A look at the second day of the first round of the NCAA tournament Print
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Friday, 21 March 2008 11:49
NCAAB Headline News


 Stephen Curry reached some rare air in the NCAA tournament.
He scored 40 points in Davidson's 82-76 victory over Gonzaga in the first round on Friday, just the third time since 2000 someone scored that many points.
The last player to score 40 points in the NCAA tournament was Gerry McNamara of Syracuse, who had 43 in the Orange's 80-75 victory over Brigham Young in the first round in 2004.
Tayshaun Prince of Kentucky had 41 in the Wildcats' 87-82 win over Tulsa in the second round in 2002.
There have been 20 games where a player has scored 44 or more points in the history of the tournament and five of those belong to Austin Carr of Notre Dame, who holds the single-game record with 61 points against Ohio University in the Fighting Irish's 112-82 first-round win in 1970.
Curry, the son of former NBA sharpshooter Dell Curry, had 30 points in the second half and finished one point off his career high set earlier this season against North Carolina Greensboro.
While most eyes were on Curry throughout the game as he went 8-for-10 from 3-point range, one of Davidson's less-heralded players came up with his first double-double of the season.
Junior forward Andrew Lovedale had 12 points and 13 rebounds, the next-to-last of which was on the offensive end and he passed the ball to Curry for the 3-pointer that gave the Wildcats the lead for good with 1:04 to play.
Davidson coach Bob McKillop went biblical in praising Lovedale, a native of Nigeria who played his high school basketball in England.
``I said this the other day in front of our student body,'' McKillop said. ``I said, `If God had put Andrew in the Garden of Eden, we would still be there.' That's the kind of man he is, and to see him perform like he did today, wow. I couldn't be more happy for him.''
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NEW HIGHLIGHT: Every year the tape gets dusted off and we see Bryce Drew hit the winning 3-pointer for 13th-seeded Valparaiso in a 70-69 victory over No. 4 Mississippi in the first round of the 1998 NCAA tournament.
It took 10 years, but there's a new highlight in town.
Ty Rogers' 3-pointer as the buzzer sounded in overtime gave 12th-seeded Western Kentucky a 101-99 victory over No. 5 Drake.
Drew's shot, off a play the Crusaders called ``Pacer,'' became the trademark TV clip of a mid-major beating a team from a power conference.
The Western Kentucky-Drake game was a mid-major matchup but Rogers' shot off a pass from Tyrone Brazelton was a big-time play.
Coming out of the final timeout and trailing by one point, Rogers told Brazelton: `'Don't be afraid to kick it to me.''
Brazelton dribbled the ball across halfcourt, went to his right and threw a perfect pass to Rogers.
``It kind of worked out good,'' Rogers said.
Western Kentucky coach Darrin Horn sounded like a commercial.
``Got to love the NCAA tournament, don't you?'' he said. ``I think what you just saw out there is why this is the greatest show on Earth. Can't say enough about Drake, unbelievable character, toughness, heart. They played so hard, they countered everything. What a great team. Unbelievably well-coached.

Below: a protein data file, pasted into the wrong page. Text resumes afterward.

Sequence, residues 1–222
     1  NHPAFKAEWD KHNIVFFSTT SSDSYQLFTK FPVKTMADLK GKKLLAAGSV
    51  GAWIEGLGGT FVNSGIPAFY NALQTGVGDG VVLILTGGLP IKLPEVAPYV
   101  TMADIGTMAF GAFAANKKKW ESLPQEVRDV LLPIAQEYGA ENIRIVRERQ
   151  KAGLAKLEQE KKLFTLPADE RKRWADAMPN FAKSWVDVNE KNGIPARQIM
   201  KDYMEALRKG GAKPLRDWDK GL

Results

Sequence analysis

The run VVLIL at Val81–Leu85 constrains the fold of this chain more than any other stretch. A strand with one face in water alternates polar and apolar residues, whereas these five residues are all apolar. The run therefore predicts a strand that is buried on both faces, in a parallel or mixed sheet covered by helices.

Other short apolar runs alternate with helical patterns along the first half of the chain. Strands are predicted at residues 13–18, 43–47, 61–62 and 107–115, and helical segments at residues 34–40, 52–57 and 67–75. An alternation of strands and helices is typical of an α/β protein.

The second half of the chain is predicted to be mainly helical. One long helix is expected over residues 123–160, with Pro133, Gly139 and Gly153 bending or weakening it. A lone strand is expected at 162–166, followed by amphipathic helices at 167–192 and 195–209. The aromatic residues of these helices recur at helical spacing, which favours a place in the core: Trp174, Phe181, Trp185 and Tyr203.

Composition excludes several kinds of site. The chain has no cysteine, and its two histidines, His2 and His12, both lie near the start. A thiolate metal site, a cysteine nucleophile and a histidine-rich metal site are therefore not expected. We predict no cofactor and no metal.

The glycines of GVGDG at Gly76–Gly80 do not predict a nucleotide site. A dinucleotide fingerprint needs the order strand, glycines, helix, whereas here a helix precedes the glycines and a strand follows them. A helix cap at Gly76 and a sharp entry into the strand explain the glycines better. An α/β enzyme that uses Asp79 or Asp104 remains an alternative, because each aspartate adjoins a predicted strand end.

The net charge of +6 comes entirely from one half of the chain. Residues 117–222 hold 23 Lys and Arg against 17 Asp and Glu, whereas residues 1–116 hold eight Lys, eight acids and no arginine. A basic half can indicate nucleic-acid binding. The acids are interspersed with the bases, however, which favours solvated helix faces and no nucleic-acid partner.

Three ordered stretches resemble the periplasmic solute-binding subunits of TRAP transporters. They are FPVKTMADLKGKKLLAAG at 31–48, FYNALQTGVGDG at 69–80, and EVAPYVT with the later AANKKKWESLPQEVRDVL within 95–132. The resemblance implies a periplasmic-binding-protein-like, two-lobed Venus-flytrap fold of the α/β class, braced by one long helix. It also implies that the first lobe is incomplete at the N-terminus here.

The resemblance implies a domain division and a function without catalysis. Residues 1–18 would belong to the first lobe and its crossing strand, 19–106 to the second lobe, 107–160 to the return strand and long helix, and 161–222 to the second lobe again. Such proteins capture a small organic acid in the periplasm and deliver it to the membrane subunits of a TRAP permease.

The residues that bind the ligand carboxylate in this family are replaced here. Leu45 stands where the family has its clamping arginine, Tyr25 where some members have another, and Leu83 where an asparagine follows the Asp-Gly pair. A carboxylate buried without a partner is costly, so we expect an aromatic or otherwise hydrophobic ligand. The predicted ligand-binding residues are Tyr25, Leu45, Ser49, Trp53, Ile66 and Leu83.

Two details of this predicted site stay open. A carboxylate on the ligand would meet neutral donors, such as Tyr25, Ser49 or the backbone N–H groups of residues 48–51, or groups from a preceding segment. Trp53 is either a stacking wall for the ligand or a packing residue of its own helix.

``And I think what you saw was what makes this event special, a bunch of young people out there just completely pouring their hearts out and fighting to the very end. And we were fortunate that we got the ball last, and that we've got a lot of character. ... From one senior to another, great pass by Tyrone, big shot by Ty Rogers, and very fortunate to come out on top.''
And on the other side was Drake, which saw its remarkable season end in the most emotional way possible.
``I think most coaches in that situation and if not most, anyway myself, you expect those shots to go in, because you see those highlights all the time,'' first-year Drake coach Keno Davis said. ``That last-second shot, you get a good look at it, they tend to go in more times than not, it seems like. So you're figuring it's going in. They got a good look. And just a lot of emotions go through your head.''
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LOW FIVE: After a year off, the No. 12 seeds are back haunting the No. 5s.
Western Kentucky beat Drake 101-99 in overtime Friday, the 12th time - how appropriate - a 12 seed has beaten a No. 5 in the first round since 2001.
There had been at least one win by the 12s every year since 2001 until last season. There were four years when it happened more than once, including 2002 when Missouri, Tulsa and Creighton all won as No. 12s.
Notre Dame and Michigan State both won as No. 5 seeds on Thursday and Clemson played No. 12 Villanova on Friday night in the last of those first-round matchups.
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HOME COOKING: Staying in state meant first-round success for the most part.
Five schools got to play first-round games in their home state in the first round and with top-seeded North Carolina still to play No. 16 Mount St. Mary's on Friday night, only one lost.
Stanford, UCLA and Davidson all won in their home states, while South Alabama, playing in Birmingham, lost to Butler.
 

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